-- Then, the simplifier is careful when partially applying lambdas.

occAnal env expr@(Lam _ _)
  = case occAnal env_body body of { (body_usage, body') ->
        (final_usage, tagged_binders) = tagLamBinders body_usage binders'
		      -- Use binders' to put one-shot info on the lambdas

        --      URGH!  Sept 99: we don't seem to be able to use binders' here, because
        --      we get linear-typed things in the resulting program that we can't handle yet.
        --      (e.g. PrelShow)  TODO

        really_final_usage = if linear then
                                mapVarEnv markInsideLam final_usage
     mkLams tagged_binders body') }
    env_body        = vanillaCtxt (trimOccEnv env binders)
		        -- Body is (no longer) an RhsContext
    (binders, body) = collectBinders expr
    binders'        = oneShotGroup env binders
    linear          = all is_one_shot binders'
    is_one_shot b   = isId b && isOneShotBndr b

occAnal env (Case scrut bndr ty alts)
  = case occ_anal_scrut scrut alts     of { (scrut_usage, scrut') ->
    case mapAndUnzip occ_anal_alt alts of { (alts_usage_s, alts')   ->
        alts_usage  = foldr combineAltsUsageDetails emptyDetails alts_usage_s
        (alts_usage1, tagged_bndr) = tag_case_bndr alts_usage bndr
        total_usage = scrut_usage +++ alts_usage1
    total_usage `seq` (total_usage, Case scrut' tagged_bndr ty alts') }}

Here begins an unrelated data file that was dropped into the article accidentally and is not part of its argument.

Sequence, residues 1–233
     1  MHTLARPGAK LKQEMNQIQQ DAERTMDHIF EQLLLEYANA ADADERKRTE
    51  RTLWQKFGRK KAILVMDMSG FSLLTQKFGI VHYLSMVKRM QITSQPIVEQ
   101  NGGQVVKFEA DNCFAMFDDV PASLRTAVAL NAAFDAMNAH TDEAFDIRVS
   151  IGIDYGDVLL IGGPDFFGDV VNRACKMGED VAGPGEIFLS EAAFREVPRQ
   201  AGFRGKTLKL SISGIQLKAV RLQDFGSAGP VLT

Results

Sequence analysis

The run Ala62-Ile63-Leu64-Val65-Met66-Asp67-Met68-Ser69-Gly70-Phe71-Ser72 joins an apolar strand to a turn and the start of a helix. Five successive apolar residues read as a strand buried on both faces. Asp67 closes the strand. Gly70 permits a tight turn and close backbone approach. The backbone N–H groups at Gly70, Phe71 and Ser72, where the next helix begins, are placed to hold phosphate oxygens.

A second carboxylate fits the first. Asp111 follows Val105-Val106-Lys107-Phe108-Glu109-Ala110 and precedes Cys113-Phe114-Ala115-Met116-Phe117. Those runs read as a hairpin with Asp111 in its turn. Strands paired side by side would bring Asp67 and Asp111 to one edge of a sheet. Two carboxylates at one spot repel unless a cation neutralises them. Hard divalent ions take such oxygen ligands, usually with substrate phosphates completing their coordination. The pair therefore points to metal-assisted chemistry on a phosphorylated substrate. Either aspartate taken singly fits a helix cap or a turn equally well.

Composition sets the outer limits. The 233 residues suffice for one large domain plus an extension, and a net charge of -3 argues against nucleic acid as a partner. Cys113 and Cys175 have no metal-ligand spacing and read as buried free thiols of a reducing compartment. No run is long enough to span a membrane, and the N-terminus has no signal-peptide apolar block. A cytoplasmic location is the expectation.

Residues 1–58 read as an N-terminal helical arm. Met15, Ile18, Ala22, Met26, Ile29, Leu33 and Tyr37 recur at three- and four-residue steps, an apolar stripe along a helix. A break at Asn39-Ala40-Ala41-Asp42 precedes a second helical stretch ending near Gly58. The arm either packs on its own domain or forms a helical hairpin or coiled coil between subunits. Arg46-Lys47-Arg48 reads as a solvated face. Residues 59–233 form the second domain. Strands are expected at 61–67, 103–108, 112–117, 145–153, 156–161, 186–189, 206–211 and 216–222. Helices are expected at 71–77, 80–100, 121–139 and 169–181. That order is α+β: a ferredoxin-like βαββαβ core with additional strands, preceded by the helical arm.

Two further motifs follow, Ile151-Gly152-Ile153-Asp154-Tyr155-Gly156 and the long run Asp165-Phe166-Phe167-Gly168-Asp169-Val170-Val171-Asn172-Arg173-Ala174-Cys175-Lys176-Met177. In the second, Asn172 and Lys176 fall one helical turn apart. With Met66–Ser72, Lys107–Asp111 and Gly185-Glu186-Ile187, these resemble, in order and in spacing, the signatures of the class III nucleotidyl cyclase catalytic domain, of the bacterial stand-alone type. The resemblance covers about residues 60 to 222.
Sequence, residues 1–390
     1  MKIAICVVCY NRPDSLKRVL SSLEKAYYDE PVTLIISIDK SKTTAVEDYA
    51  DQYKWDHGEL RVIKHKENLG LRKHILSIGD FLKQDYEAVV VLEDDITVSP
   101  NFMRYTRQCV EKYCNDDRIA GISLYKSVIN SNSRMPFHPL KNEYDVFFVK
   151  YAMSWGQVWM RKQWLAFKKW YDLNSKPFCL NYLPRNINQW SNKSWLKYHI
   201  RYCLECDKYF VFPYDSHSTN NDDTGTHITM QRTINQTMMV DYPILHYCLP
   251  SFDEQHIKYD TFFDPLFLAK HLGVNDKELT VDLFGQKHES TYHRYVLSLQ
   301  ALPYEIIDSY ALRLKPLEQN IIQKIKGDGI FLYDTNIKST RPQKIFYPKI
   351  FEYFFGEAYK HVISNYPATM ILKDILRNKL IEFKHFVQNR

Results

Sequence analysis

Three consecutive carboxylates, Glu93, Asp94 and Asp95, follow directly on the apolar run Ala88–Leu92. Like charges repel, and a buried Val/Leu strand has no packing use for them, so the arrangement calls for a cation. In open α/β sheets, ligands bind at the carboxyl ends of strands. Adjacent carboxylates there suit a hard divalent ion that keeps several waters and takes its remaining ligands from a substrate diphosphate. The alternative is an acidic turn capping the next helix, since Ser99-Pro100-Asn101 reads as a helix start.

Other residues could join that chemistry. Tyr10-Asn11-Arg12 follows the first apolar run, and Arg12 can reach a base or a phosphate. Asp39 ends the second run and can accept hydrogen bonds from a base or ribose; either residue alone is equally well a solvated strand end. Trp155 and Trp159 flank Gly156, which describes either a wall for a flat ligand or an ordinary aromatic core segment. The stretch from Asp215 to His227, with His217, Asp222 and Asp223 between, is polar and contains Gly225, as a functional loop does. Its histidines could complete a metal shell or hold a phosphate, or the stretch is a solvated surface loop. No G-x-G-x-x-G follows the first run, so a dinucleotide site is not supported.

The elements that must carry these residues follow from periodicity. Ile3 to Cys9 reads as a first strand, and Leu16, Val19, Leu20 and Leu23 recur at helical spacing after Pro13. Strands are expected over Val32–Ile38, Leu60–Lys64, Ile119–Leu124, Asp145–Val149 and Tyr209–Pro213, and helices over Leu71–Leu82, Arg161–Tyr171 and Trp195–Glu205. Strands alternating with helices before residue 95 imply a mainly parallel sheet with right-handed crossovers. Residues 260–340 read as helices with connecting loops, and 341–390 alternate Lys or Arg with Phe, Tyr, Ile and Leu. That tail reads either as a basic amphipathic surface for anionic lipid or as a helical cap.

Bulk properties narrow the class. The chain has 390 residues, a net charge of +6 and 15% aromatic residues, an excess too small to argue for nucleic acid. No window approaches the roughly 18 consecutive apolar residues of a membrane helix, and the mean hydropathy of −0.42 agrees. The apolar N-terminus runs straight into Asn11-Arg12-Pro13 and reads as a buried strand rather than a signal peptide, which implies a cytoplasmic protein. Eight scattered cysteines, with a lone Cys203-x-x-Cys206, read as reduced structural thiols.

-- Note [Case binder usage]	
	-- ~~~~~~~~~~~~~~~~~~~~~~~~
        -- The case binder gets a usage of either "many" or "dead", never "one".
        -- Reason: we like to inline single occurrences, to eliminate a binding,
        -- but inlining a case binder *doesn't* eliminate a binding.
        -- We *don't* want to transform
        --      case x of w { (p,q) -> f w }
        -- into
        --      case x of w { (p,q) -> f (p,q) }
    tag_case_bndr usage bndr
      = case lookupVarEnv usage bndr of
          Nothing -> (usage,                  setIdOccInfo bndr IAmDead)
          Just _  -> (usage `delVarEnv` bndr, setIdOccInfo bndr NoOccInfo)

    alt_env      = mkAltEnv env scrut bndr
    occ_anal_alt = occAnalAlt alt_env bndr

    occ_anal_scrut (Var v) (alt1 : other_alts)
        | not (null other_alts) || not (isDefaultAlt alt1)
        = (mkOneOcc env v True, Var v)	-- The 'True' says that the variable occurs
					-- in an interesting context; the case has
					-- at least one non-default alternative
    occ_anal_scrut scrut _alts  
	= occAnal (vanillaCtxt env) scrut    -- No need for rhsCtxt

occAnal env (Let bind body)